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Re: The beginning of space-based light pollution?

Subject: Re: The beginning of space-based light pollution?
From: Paul Schlyter
Date: Tue, 21 Jun 2005 13:58:52 +0200
Newsgroups: sci.astro.amateur
In article <1119332552.800095.73010@xxxxxxxxxxxxxxxxxxxxxxxxxxxx>, 
thad@xxxxxxxxxxxx says...

> Chris L Peterson wrote:
>> There have been solar wind driven sails developed (on paper). But
>> AFAIK the purpose of this spacecraft is to test a photon pressure
>> driven sail.
> 
> OK, color me dense.   If photons are massless, how can they be
> perturbed by gravity (one of the tests of Einstein's theories)

Because perturbation by gravity is independent on the mass of
the perturbed object - and there's no exception for zero mass.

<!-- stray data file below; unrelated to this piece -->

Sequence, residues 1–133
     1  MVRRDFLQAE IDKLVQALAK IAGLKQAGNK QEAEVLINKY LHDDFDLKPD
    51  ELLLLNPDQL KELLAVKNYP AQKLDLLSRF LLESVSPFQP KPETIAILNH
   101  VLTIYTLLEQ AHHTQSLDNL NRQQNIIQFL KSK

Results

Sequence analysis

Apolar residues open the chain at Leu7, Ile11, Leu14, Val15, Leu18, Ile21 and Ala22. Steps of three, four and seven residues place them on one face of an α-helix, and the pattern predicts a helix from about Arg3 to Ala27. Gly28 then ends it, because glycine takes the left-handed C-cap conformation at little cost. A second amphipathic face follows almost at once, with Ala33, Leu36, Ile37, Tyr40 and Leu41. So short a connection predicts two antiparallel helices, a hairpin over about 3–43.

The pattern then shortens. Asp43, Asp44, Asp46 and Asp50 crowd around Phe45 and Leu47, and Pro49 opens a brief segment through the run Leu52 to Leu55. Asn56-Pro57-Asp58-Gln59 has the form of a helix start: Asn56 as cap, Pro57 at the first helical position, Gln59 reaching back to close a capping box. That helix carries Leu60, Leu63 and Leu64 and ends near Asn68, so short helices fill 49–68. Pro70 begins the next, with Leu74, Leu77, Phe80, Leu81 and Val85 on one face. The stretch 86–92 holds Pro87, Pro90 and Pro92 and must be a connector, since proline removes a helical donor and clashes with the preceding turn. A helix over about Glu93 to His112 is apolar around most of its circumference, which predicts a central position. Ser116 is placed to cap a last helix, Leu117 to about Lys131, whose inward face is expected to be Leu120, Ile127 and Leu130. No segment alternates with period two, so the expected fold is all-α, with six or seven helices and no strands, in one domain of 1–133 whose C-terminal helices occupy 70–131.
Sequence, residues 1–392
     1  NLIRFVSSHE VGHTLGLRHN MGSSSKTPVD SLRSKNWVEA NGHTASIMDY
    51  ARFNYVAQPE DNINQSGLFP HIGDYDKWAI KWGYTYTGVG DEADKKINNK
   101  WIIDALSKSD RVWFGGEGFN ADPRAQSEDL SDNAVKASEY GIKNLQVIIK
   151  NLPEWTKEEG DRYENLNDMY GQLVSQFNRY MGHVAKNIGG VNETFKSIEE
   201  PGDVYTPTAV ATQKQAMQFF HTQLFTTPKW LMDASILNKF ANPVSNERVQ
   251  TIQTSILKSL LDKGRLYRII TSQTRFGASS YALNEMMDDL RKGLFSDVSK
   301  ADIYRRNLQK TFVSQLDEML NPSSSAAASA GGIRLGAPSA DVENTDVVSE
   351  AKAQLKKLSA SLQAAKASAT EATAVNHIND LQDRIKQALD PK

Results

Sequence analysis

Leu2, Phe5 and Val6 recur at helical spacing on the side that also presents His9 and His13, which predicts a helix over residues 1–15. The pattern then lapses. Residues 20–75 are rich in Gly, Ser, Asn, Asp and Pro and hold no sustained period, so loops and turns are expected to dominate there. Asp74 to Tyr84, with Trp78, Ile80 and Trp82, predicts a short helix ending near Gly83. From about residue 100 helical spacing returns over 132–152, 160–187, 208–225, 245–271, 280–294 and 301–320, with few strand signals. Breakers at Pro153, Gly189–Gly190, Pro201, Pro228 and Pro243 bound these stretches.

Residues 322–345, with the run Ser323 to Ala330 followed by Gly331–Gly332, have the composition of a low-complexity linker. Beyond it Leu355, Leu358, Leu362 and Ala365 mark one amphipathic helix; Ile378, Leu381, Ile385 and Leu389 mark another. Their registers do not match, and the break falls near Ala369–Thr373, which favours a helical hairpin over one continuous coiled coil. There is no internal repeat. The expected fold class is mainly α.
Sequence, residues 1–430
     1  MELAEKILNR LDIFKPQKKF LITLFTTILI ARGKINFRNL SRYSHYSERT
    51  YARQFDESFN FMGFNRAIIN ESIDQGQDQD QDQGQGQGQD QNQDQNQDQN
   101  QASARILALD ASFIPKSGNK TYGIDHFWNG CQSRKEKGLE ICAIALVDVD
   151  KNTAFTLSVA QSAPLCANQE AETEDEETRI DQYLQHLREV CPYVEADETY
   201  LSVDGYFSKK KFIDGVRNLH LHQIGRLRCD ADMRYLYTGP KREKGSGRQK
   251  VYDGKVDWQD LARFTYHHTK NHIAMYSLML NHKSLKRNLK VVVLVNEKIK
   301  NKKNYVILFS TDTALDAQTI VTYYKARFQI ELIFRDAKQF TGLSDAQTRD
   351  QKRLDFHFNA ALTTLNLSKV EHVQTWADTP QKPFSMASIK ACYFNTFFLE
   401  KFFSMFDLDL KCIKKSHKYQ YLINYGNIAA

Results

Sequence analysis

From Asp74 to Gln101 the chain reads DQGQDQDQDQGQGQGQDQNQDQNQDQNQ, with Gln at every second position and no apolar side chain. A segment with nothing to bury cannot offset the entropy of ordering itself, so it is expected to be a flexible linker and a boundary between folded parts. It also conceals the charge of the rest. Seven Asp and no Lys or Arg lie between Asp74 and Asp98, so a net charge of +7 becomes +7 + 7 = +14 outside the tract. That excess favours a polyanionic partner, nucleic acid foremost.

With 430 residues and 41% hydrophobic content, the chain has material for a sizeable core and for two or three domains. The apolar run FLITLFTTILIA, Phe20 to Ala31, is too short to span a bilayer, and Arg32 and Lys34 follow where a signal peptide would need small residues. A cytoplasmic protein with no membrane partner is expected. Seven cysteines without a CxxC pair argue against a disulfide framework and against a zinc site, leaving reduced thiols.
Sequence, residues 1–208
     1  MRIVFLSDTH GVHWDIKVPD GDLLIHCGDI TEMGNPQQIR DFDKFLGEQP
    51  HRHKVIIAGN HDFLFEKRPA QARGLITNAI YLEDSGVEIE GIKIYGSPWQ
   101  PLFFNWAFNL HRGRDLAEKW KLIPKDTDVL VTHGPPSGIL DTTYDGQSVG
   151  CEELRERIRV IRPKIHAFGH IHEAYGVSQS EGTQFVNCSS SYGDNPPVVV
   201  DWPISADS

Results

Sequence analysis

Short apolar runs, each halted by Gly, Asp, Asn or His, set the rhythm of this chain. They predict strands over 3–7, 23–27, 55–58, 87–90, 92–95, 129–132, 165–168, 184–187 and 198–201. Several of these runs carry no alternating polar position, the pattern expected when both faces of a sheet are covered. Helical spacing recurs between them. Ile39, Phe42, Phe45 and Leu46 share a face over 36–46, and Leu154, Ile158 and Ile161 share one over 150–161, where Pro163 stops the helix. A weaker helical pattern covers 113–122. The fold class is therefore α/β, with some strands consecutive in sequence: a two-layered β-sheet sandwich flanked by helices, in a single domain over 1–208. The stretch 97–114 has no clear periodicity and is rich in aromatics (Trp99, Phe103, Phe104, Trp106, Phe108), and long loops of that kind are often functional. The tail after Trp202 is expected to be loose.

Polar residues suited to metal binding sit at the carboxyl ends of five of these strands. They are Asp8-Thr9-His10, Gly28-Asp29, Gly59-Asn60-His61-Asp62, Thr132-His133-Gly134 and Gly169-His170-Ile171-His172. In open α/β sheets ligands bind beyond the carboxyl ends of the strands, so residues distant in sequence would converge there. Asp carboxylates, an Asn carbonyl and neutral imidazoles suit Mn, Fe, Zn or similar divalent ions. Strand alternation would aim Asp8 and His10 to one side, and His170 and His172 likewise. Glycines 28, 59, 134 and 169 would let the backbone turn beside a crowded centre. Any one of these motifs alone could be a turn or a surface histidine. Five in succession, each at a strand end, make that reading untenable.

Btw it's only the rest mass of the photons which is zero.  But
photons are never at rest -- they always travel at precisely the
speed of light.  As you may recall from textbooks in special
relativity, the moving mass of an object travelling at the speed
of light is its rest mass multiplied by infinity -- that's why
objects with non-zero rest mass can never get accelerated all the
way to the speed of light: their masses would become infinite,
and it would thus require an infinite amount of energy to accelerate
them all the way to the speed of light.

Photons have zeo rest mass though, so their "moving mass" becomes
zero multiplied by infinity, which is an indefinite number, i.e.
it can have any value.  Therefore, photons appear with a lot of
different "moving masses", or, as we prefer to express it, a lot
of different energies (and, through Plank's law, a lot of different
frequencies/wavelengths).

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